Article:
In an irony probably lost on General Motors, California has banned until further notice the sale of the Chevy Camaro SS and ZL1 — the high-performance versions of the Camaro — on the basis of “concerns” about the effect on the environment of brake pad emissions.
The fade-resistant, high-performance pads used in these models “emit” trace amounts of vaporized/powderized heavy metals such as copper and asbestos during braking. Back in 2010, these “emissions” were illegalized by decree of then-Republican Gov. Arnold Schwarzenegger, with the copper ban going into effect January 1, 2021.
The reasoning for the ban is the alleged threat posed to fish. But it’s based on “studies” that are more political than scientific. And these overstated threats are met with over-the-top measures.
Yet if the fish were going to die, they would already be long dead, given that such things as asbestos and copper have been “emitting” from brake pads for the past 100 years.
But never mind.
No Camaros for you, California!
Well, no SS or ZL1 Camaros. And possibly other GM models with high-performance brakes as well, including the Corvette.
By 2025 — only four model years from now — California law will require that all brake pads be zero emissions — which is a really clever regulatory assault on all cars that aren’t electric cars. Non-electric cars rely entirely on brake pads to slow down. And so they wear faster — and “emit” more.
Electric cars have brakes, too, but they also rely on engine braking — or rather motor braking — to slow down. The motor that spins to propel can also apply drag to slow — and recover charge in the process, converting the kinetic energy of the moving vehicle into electricity rather than heat (and brake dust).
This is why an EV’s brake pads usually last longer than a not-electric car’s.
It’s a perk, if you don’t count the expense of the electric car itself — which is the way the thing is usually presented. You’ll save so much money on brakes! And oil changes! That’s true. But it’s also true you’ll pay through the nose for all those savings, as would be the case if you sold your $200,000 home with single-paned windows and bought a $320,000 home with triple-paned windows, to save money on utilities.
There’s a more subtle threat on deck, too.
While the focus of the moment is on California not allowing the sale of a small number of brand-new high-performance cars equipped with high-performance brake pads, the pending 2025 ban on brake pads generally could accelerate the economic obsolescence of all cars in the state that aren’t electric.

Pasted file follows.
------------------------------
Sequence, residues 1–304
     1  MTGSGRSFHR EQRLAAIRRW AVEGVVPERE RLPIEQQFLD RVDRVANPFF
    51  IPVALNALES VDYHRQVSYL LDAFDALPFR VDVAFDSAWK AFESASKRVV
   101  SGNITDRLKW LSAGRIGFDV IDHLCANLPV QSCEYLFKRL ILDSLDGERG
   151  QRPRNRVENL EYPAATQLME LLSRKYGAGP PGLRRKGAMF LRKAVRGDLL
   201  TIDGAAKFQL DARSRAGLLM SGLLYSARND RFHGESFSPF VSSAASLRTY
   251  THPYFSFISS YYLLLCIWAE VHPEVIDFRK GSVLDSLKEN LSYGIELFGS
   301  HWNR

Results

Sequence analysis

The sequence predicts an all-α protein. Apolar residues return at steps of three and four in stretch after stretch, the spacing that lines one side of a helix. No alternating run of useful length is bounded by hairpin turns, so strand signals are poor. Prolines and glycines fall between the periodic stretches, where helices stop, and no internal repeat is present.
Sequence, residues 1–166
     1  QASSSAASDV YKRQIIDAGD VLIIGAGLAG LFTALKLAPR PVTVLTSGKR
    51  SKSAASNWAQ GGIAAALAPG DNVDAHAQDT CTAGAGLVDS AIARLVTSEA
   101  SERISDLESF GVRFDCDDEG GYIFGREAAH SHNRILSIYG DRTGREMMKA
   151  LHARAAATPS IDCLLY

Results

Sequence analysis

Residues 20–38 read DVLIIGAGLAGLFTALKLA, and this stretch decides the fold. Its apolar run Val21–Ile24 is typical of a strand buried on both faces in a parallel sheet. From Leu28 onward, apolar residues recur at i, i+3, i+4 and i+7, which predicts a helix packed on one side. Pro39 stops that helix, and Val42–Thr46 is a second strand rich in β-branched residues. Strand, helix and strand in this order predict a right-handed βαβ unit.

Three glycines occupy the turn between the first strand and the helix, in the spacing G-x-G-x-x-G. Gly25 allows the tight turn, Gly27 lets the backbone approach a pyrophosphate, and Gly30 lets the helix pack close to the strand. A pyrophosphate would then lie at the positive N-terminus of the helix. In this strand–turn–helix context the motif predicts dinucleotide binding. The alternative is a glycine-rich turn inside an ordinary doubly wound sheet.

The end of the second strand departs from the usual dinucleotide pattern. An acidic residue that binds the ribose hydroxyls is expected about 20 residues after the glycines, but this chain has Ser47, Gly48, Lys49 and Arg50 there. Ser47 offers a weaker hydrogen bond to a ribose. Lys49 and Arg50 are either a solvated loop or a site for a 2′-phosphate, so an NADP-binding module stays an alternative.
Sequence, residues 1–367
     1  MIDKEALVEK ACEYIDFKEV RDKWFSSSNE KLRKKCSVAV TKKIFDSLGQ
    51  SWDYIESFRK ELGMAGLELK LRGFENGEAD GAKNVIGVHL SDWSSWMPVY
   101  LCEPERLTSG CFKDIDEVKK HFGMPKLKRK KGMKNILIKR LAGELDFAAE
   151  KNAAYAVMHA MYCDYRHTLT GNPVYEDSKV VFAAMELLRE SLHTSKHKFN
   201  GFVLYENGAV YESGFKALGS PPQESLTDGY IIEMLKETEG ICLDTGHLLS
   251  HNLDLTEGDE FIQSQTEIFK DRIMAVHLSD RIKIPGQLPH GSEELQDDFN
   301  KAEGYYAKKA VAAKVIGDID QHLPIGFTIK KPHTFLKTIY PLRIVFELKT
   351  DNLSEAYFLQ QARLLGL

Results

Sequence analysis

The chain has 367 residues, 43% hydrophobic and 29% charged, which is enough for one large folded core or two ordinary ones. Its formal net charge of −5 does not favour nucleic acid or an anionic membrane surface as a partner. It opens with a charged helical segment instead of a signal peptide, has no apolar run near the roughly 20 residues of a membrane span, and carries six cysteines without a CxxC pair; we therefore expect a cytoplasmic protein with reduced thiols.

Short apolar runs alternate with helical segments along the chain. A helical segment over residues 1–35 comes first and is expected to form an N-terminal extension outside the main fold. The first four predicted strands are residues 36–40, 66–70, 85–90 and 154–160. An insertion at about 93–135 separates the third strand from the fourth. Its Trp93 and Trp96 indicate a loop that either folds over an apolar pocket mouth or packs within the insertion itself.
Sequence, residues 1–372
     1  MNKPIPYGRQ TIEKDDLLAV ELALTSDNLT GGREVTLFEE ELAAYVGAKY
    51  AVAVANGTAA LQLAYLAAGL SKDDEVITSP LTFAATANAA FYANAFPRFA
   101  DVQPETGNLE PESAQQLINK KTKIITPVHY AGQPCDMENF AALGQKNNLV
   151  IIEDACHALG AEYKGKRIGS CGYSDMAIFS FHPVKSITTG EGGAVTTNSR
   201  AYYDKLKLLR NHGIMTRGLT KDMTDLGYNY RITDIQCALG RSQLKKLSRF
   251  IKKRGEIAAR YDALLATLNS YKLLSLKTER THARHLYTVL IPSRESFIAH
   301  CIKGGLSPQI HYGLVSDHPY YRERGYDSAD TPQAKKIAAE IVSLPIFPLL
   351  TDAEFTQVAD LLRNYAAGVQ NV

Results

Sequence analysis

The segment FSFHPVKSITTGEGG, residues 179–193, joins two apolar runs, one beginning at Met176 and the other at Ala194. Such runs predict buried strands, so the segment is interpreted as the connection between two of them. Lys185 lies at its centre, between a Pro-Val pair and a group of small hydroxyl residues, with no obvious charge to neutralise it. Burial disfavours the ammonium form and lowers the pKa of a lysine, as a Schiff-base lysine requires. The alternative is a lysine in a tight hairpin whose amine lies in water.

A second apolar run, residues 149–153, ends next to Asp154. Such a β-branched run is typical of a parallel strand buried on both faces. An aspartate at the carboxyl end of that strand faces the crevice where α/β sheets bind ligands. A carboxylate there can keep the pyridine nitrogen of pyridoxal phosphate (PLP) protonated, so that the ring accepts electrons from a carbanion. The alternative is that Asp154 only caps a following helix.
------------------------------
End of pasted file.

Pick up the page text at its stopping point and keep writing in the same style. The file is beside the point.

The parallel here is the ’90s-era regulatory ban on Freon-based car AC systems, which have become so expensive to keep going that it’s often not worth keeping the car going. The refrigerant was gradually banned — once again, in the supposed name of “environmental” considerations. It is no longer possible to buy it over the counter without special “certification” from the government, and even if you have the necessary permission, the cost of the stuff is astounding.
Without working AC, a car isn’t worth much.
Same with working brakes.
There are, of course, alternatives to Freon (all cars made since the late ’90s use a different refrigerant), and there will probably also be alternatives to the forbidden materials currently used in brake pads. But the cost of these replacements will function in the manner that costs always do — as a disincentive.
People buy less the more things cost.
Nathan Medina, an attorney representing car dealerships that stand to lose a lot of money on account of these costs, explains:
Today, it’s only a few types of car … but these regulations are only going to get stricter, including that all-out ban in 2025. The U.S. auto industry isn’t doing so hot, and these regulations are costing automakers money by being unable to sell them and forcing them to spend more time figuring out ways to make them compliant. So far, it’s two types of high-end cars that need those kinds of brakes. But in the coming years, we could see a lot more types of cars failing to meet those higher and higher standards.
Which appears to be exactly what’s wanted.
And it won’t be just California, either — as far as no Camaros, et al, for you. What California decrees usually applies everywhere, as far as what’s applied to new cars in general goes. The car companies find it easier to cave to California — and impose the California Way on the rest of the country.
Which brings up the irony mentioned earlier.
GM had opposed California’s attempt to de facto decree national “emissions” standards by dint of imposing them in California — and thus making it necessary for car companies to either build two variants of cars, one for California and another for the other states or build one California car for all the states.
With the very bad Orange Man on the outs, GM jumped over to the other side — and now supports California-for-everyone cars. Which means it will have trouble selling cars like the Camaro and all other non-electric cars everywhere.
But that may not be ironic at all.